It was 1989 when a group of determined women incorporated Dastkar Andhra (DA) and initiated its activities as an off-shoot of Dastkar Delhi. Since then, DA has woven a success story by giving more than 500 skilled cotton handloom weavers of Andhra Pradesh a scope for employment, opportunity and a purpose to use their precious hand skills to create again.
“We started our work directly with the weavers and expanded the scope of our work with the inclusion of co-operatives as our partners,” states the company.
Growth engine of Textiles industry
Setup in the backdrop of a State which engages over 200,000 weavers in the second-largest industry, i.e. the Textiles industry (after agriculture) in India, Dastkar Andhra believes the handlooms can work as an ‘engine’ to spur the prevailing scenario of the sector.
To quote one of the Founders of Dastkar Andhra, Annapurna Mamidipudi, 90 per cent of the handloom weavers live on a minimal wage per day in this huge industry. Despite producing quality goods, they do not know how to reach centralized markets. Thus, DA has taken up the responsibility to work with cooperatives to ensure that the engine is working just right.
“The nature of decentralized production and issues in linking to mainstream distant markets, we believe can be effectively addressed through the institution of co-operatives. These institutions being member-based organizations have the capacity to represent the weaver,” a company statement reads.
From marketing to advocacy to profit-sharing
In 1996 DA was incorporated as a public charitable trust with the objectives of promoting artisan industries suited to ownership by the primary producers. In addition to marketing, DA also does policy and advocacy work on behalf of weavers, holds design workshops, and imports appropriate technologies.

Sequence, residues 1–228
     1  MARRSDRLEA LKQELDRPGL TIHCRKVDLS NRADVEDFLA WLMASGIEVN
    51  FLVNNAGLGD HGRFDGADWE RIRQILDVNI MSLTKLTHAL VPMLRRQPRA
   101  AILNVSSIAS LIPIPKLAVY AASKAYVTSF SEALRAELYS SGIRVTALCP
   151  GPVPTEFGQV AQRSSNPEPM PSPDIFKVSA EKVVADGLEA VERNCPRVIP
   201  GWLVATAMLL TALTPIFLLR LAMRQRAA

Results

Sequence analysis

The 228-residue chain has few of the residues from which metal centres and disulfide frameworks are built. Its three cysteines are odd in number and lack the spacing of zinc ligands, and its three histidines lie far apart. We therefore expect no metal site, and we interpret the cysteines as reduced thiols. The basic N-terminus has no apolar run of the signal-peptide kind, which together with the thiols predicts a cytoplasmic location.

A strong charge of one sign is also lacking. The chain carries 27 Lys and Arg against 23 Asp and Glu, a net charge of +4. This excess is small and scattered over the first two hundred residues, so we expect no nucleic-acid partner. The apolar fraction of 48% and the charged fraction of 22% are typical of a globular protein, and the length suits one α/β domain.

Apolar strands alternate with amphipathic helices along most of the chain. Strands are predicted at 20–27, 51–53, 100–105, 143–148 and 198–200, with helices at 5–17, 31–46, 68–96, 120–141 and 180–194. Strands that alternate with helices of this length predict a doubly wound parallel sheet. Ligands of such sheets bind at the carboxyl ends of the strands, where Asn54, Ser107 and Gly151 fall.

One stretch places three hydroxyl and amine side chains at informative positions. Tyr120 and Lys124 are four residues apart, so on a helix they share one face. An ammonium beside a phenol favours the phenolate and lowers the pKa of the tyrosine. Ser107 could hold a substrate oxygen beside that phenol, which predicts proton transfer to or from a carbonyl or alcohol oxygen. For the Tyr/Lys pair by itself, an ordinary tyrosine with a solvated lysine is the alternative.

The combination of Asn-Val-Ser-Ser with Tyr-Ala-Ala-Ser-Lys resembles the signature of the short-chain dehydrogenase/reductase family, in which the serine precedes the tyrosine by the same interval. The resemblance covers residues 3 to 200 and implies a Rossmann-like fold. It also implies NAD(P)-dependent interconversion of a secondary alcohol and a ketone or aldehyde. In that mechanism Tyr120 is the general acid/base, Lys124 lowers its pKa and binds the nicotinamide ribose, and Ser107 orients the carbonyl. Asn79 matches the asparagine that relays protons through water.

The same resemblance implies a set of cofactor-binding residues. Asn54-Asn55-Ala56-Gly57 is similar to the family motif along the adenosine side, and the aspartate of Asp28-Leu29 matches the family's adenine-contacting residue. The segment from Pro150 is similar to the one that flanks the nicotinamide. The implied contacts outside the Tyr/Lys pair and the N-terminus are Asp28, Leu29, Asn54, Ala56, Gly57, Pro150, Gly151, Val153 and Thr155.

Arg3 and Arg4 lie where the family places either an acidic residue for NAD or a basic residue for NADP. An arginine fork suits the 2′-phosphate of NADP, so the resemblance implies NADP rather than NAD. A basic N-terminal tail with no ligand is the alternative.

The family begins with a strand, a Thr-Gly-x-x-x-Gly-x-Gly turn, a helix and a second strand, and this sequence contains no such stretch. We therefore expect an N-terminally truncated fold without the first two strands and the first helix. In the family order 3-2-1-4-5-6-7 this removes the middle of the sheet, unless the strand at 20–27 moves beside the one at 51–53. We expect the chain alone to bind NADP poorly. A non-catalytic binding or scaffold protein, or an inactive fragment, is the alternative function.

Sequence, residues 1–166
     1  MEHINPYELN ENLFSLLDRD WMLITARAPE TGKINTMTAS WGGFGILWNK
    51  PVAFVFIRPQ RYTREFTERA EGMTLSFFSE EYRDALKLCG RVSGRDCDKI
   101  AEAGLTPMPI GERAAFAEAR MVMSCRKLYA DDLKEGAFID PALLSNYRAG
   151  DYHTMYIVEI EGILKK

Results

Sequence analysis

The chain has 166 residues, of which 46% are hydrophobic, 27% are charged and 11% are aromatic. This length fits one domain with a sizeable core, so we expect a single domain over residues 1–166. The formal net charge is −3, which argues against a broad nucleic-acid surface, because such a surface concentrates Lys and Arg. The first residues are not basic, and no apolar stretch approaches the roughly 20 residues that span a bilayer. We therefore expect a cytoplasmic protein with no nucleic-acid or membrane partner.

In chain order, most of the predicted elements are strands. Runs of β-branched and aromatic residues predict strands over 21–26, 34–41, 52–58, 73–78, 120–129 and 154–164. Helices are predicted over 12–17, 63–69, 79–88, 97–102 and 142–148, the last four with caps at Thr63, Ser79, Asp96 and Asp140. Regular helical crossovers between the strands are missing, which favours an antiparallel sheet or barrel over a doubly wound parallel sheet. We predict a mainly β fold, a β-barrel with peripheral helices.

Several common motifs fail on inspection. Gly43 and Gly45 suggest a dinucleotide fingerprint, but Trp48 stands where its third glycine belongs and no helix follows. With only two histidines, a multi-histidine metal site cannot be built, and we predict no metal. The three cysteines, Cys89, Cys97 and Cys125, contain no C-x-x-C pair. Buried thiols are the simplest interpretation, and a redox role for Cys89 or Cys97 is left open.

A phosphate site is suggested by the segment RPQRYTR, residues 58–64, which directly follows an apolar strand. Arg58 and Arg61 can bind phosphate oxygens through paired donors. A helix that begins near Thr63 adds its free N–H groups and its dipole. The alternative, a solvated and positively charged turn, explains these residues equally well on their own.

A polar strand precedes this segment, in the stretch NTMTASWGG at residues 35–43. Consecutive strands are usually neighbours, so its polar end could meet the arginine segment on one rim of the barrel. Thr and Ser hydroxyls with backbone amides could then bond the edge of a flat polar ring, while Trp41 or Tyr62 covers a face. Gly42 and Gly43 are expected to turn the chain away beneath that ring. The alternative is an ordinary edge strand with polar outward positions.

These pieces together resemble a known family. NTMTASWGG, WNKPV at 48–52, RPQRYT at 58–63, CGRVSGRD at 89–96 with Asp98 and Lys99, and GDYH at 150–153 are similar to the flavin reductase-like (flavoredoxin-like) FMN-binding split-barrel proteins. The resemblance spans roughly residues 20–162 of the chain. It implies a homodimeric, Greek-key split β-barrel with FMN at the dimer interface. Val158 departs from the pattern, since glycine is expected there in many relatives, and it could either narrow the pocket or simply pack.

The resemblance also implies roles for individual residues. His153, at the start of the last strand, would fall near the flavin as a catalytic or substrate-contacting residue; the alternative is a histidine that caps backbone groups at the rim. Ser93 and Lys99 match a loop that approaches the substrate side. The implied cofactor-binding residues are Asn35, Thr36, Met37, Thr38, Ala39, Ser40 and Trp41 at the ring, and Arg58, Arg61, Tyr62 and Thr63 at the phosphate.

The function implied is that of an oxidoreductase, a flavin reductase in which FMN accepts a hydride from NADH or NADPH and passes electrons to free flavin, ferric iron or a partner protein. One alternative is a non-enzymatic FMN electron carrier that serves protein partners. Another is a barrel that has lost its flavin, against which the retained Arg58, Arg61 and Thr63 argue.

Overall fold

The frames of reference created by Dastkar Andhra and its marketing and research wing, DAMA, are value based and compassionate to weaver and environment alike with quality product as the focus. Weaving on handloom, warping and dyeing is done at individual cottages or Cooperative centres, by using only vegetable dyes and azo-free dyes.
The profit generated by the organization is shared with the weaver–producer and DAMA’s resource persons.
Trends-in-line & future-ready!
To help weavers stay in line with the latest trends, designers are in constant touch with them on design sensibilities, quality control and changing client tastes. Yet for all the blending of contemporary tastes with inherent skills and accent on innovation, the Dastkar story carries an unmistakable textile flavour of Andhra.
According to Annapurna Mamidipudi, what sets the organisation apart from the rest of the clan is its diverse team and women leadership, which helps keep them on track. And as for next steps, DA is looking for people to connect their products to new markets.
“The State of Andhra Pradesh continues to have a strong co-operative presence in the handloom sector and we continue to work to build and strengthen capacities in these institutions,” the company says.